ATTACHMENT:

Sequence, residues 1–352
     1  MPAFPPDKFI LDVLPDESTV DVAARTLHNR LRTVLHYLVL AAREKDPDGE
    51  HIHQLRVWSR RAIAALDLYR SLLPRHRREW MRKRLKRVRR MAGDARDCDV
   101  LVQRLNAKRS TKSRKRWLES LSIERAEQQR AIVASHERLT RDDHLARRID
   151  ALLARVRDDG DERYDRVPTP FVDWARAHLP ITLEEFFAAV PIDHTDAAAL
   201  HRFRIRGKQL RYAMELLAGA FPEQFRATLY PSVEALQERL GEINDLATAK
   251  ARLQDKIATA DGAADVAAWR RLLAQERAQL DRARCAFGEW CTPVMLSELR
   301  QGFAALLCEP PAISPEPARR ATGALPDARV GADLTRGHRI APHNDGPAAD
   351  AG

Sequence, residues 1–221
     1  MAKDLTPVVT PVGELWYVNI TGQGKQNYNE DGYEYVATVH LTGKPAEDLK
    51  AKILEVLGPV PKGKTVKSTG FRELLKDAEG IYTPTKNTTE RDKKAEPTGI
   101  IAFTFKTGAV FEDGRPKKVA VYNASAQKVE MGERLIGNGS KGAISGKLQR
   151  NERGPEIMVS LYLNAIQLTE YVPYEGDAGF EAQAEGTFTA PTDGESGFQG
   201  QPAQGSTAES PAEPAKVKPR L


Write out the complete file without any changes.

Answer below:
Sequence, residues 1–352
     1  MPAFPPDKFI LDVLPDESTV DVAARTLHNR LRTVLHYLVL AAREKDPDGE
    51  HIHQLRVWSR RAIAALDLYR SLLPRHRREW MRKRLKRVRR MAGDARDCDV
   101  LVQRLNAKRS TKSRKRWLES LSIERAEQQR AIVASHERLT RDDHLARRID
   151  ALLARVRDDG DERYDRVPTP FVDWARAHLP ITLEEFFAAV PIDHTDAAAL
   201  HRFRIRGKQL RYAMELLAGA FPEQFRATLY PSVEALQERL GEINDLATAK
   251  ARLQDKIATA DGAADVAAWR RLLAQERAQL DRARCAFGEW CTPVMLSELR
   301  QGFAALLCEP PAISPEPARR ATGALPDARV GADLTRGHRI APHNDGPAAD
   351  AG

Sequence, residues 1–221
     1  MAKDLTPVVT PVGELWYVNI TGQGKQNYNE DGYEYVATVH LTGKPAEDLK
    51  AKILEVLGPV PKGKTVKSTG FRELLKDAEG IYTPTKNTTE RDKKAEPTGI
   101  IAFTFKTGAV FEDGRPKKVA VYNASAQKVE MGERLIGNGS KGAISGKLQR
   151  NERGPEIMVS LYLNAIQLTE YVPYEGDAGF EAQAEGTFTA PTDGESGFQG
   201  QPAQGSTAES PAEPAKVKPR L